Posts Tagged ‘Mark Clear’

Is city government accessible?

December 28, 2009

There’s been some talk recently about inaccessibility in local government. The State Journal ran an editorial (which I can’t find now!) criticizing the city council for having meetings so late in the night, when most people in their right mind aren’t going to attend or even watch on TV. The vote on the Edgewater finally took place a little after 5 a.m. Minutes before Ald. Judy Cnare had a yoga class (one of these days I’m going to try the early bird thing).

Meanwhile, Brenda Konkel, comprehensive as ever, grades all the alders on their use of the internets. Although she takes alders to task, she makes clear that they’re not the only ones to blame:

They get no support whatsoever. It’s pretty sad for a city our size. The primary council office staff are too busy gossiping and playing solitaire to be bothered with being helpful to the alders.


She gives Bryon Eagon, Steve King, Mark Clear and Chris Schmidt F’s for their use of the city webpage. The explanation for Clear’s F is a bit sketchy, and hints at an alternative motive Brenda might have had in failing him.

Granted, some of those members, including Eagon, could easily say that there communication with constituents is better served by a blog, which is easier to manage and a little bit sexier (have you seen Bryon’s blog!) than the city website. On this issue though, the Council still fails. So few of the alders update their blogs enough to maintain any traffic or dialogue, and as a result, they probably don’t come up in search results easily and people stop referring to them. The most bizarre example I found was Larry Palm, who for some reason has a private blog that readers must be invited to. Why?

So what we seem to have is a lot of alders who aren’t using traditional or new methods of outreach, and many constituents who are out of touch with the happenings of city government.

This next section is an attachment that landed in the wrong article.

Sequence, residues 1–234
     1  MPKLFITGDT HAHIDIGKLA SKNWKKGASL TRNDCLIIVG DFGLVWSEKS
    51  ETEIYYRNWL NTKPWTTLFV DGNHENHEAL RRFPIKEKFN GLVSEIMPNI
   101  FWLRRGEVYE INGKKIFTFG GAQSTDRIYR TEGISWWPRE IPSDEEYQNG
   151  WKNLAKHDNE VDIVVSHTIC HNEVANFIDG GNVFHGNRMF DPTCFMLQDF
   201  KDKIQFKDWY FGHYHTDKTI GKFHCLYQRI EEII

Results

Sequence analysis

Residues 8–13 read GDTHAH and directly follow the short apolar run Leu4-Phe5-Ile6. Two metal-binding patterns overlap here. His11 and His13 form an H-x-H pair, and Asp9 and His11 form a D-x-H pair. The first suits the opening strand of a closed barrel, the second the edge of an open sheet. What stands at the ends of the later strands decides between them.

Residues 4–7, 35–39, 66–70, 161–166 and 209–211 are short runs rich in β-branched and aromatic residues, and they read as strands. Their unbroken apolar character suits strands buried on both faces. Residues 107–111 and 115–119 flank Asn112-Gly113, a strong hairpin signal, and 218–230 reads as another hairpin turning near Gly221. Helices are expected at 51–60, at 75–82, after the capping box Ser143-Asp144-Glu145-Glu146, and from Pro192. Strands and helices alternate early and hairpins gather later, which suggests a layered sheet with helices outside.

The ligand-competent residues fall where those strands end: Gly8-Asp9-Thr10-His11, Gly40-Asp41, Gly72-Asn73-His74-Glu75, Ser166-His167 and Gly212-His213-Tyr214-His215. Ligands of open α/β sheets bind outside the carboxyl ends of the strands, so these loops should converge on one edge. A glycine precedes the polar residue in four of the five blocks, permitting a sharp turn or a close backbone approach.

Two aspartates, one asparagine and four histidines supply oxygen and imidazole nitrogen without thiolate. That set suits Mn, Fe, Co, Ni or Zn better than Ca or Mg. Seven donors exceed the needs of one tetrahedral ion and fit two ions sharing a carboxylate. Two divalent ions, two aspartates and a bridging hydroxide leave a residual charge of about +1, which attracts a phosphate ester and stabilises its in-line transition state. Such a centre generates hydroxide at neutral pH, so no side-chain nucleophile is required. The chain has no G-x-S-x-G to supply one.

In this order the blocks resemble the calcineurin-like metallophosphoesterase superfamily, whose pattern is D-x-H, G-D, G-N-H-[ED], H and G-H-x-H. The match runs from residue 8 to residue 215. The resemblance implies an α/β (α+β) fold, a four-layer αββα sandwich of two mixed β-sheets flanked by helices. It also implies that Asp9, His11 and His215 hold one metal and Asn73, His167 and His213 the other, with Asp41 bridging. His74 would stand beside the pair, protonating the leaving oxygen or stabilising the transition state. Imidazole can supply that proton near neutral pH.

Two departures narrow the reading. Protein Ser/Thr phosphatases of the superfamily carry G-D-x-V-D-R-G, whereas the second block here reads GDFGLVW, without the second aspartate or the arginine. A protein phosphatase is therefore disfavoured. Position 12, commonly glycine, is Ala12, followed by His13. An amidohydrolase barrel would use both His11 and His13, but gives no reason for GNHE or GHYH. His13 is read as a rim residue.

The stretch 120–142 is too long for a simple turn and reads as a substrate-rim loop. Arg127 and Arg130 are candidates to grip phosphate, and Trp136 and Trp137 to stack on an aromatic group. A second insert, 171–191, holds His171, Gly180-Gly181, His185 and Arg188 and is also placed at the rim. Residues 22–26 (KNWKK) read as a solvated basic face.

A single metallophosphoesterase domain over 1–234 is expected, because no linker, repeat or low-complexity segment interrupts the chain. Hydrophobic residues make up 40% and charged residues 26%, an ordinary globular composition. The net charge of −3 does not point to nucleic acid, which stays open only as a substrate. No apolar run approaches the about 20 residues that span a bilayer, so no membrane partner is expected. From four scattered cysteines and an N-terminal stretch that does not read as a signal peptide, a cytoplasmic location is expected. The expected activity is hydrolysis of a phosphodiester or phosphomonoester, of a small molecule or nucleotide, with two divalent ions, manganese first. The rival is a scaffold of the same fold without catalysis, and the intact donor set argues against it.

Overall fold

Nevertheless, many of these naughty bloggers found their way on to Brenda’s blogroll, while certain scrappy, citizen reporters were (ahem) mysteriously bumped off it months ago. Let it be known: the Sconz is not vengeful nor impatient. Just a little puzzled.

Verveer: Edgewater should re-apply

December 2, 2009

In an interview with me, Ald. Mike Verveer said he could not make a prediction on the prospects of the Edgewater renovation that was rejected by the Council Landmarks Commission on Monday. However, Verveer noted that there was a circle of Council members, including Council President Tim Brueur, President pro tempore Mark Clear, and Ald. Bridget Maniaci, who have been working with the mayor and potential Edgewater developer Bob Dunn to get the project approved.

According to Verveer, Brueur and Clear – neither of whom have districts near the Edgewater – have become the mayor’s point men on getting the project approved. Maniaci, whose district does cover parts of the concerned neighborhood, has cited support from her constituents as the reason for her voting to approve the renovation. As of this time, Maniaci has not responded to an email in which I asked her if she believed the project would be moving forward.

Verveer is reluctant to override the Landmarks Commission’s rejection of the renovation plan. “Never in 30 years has a certificate from the Landmarks Commission been overturned. I have a hard time believing the Council, in all its wisdom, should overturn the decision made by the experts on Landmarks,” he told me. In addition, he cited historical preservation as a priority. However, he emphasized his hope that the project would live on, and that it would change its plan to fit the expectations of the commission.

Dunn has until noon tomorrow to decide whether he wants to try and push the project through the Council. Bruer says he believes the project is dead.

Meanwhile, the mayor is strongly urging the Council to resurrect the renovation, emphasizing the public amenities (the improved lake view), the job opportunities and the tax revenue. On his blog he criticized the commission’s interpretation of the zoning restrictions on height.